Through stories, letters, historical accounts, laws, proverbs, and liturgical texts, the Bible contains truths about God, our humanity, the world, and how we are to be in relationship with each. It is a wealth of wisdom and knowledge, capturing what God’s people have said about God for thousands of years, and so naturally is something that we as Christians should study seriously.
But the Bible is not simply a source of truth and knowledge, a book of facts for one to amass and master. Sacred Scripture is a living document, a mystery, a source of spiritual nourishment that can only be entered into, never fully grasped. As much as it is useful to study the Bible in an academic way so as to understand the context and the meaning that the human writer intended, one’s knowledge of the Bible is only truly useful to a Christian to the extent that it helps one enter more deeply into what the divine writer, God, had in mind. Scripture is something to be studied, yes, but it is more fundamentally something that should be prayed.
By no means an exhaustive list, I want to share two ways that I have found to do just that.
Ignatian Reading One of the most common ways to pray with Scripture, credited to St. Ignatius of Loyola and the Jesuits, is to use one’s imagination to enter into the text. After reading a passage two or three times, the reader is encouraged to close one’s eyes and to reconstruct the whole scene as if s/he was there as a witness. What did the scene look like? Was it bright or dark? Who was there? Were there any distinct smells or sounds? What did the situation physically feel like? By using one’s imagination, the scene becomes more than words on a page but a real life situation. Often the reader is encouraged then to take on the role of one of the characters in the story, maybe a minor role, to see the text from a new and focused perspective. What did the character feel when this happened?
In using one’s imagination in this way, the reader is focused less on coming up with an intellectual summation of the text (the passage means ____) and more on experiencing the passage as it was actually experienced. The brilliance of this method is that one does not simply walk away with a concrete directive or definitive interpretation, but with a first-hand emotional and sensory encounter. Unlike interpretations, encounters are personal, intimate, and new every time. And so is Scripture.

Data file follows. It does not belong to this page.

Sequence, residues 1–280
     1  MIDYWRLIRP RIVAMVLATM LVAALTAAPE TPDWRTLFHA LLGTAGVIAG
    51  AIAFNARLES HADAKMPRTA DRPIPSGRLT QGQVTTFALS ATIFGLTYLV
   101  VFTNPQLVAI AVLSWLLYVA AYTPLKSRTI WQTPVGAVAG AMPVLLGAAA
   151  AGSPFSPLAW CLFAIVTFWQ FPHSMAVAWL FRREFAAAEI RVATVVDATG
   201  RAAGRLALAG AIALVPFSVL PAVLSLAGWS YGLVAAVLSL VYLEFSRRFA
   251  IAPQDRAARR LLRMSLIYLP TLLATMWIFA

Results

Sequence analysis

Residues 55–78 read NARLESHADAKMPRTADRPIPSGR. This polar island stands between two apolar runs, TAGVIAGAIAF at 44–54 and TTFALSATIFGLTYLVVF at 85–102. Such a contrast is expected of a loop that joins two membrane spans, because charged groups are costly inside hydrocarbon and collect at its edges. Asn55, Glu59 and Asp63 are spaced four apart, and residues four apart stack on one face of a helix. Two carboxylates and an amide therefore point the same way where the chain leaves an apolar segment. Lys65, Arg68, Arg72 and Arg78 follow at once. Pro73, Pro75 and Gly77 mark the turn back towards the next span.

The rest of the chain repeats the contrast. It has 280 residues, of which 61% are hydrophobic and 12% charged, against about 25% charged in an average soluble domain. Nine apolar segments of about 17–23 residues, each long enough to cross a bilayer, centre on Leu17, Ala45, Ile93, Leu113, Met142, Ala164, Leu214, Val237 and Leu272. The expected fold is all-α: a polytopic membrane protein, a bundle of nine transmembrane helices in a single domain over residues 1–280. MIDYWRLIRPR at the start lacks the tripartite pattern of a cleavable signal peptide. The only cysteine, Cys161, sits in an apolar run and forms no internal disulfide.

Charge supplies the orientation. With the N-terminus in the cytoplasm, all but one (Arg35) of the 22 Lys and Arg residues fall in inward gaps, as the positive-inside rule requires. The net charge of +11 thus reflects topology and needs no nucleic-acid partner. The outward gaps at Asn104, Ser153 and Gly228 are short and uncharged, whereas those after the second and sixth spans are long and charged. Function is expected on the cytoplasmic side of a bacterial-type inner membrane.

Incarnational Reading The second method is a bit less popular, and as such, I’m not sure if it even has a name. After reading the passage two or three times, the reader is encouraged to draw on the lived experience of the reading in today’s world. How have I experienced this passage in my own life? Where have I seen this character before? When has this situation happened to me? Unlike the Ignatian method that helps the reader go back to the world of the text, this method of reading Scripture brings Scripture forward to the life of the reader. It is not a means of entering into the Word, per se, but a means of noticing the Word alive and true all around.
A comparison might be the best way of explaining the difference. If we were to read the passage, say, of the Rich Man and Lazarus (Lk 16:19-31), the Ignatian method would provide a powerful sensory experience: the sight of the poor man lying on the road, the smell of the dogs all around him, the feeling of hunger, the texture of his sores, and so on, would allow the reader to feel as if s/he were in 1st century Palestine with Lazarus himself. Reading the same story with the Incarnational method, however, might provide the reader with a new sense of clarity and divine vision: thinking about the poverty of Lazarus might remind the reader of a homeless person s/he passed earlier that day or a time when s/he acted like the Rich man in his indignation towards the poor. In doing so, the text comes alive just as in the Ignatian method, but alive in the sense that the Word is realized to be a lived experience in today’s world, not just 2000 years ago. Oh… Jesus loves that poor homeless man on the street and it is a grave sin for me to walk past him with no concern. The story is about me.
The brilliance of this method is that it moves the experience of Scripture and God’s Word (Jesus) away from “something that happened” toward “something that is happening.” God’s word is alive. The events recounted in Scripture are not meant to be read as a history book, finished and complete, never to be repeated again; they are snapshots in time of who and what God is in eternity. Reading in this way moves God–and religion in general–away from rules, facts, rituals, and morals to be remembered and towards a personal, intimate experience of God today, right now.
Naturally, both methods offer incredibly valuable insights and promote a prayerful reading of Scripture. They encourage active participation, and transform the text into a personal encounter with our God. Personally, as a Franciscan, I am much more inclined to favor the latter example as it is straight out of our spirituality, but I recognize the benefit of the Ignatian method and think that they can work in tandem for a deeper experience of prayer. Of course, these are just two ways of prayerfully studying Scripture, and if neither of them work for you, maybe there is another method that would work better! The important this is not the specific method we use, but that we engage the Word of God in our lives in a way that it guides and transforms us into disciples of Christ.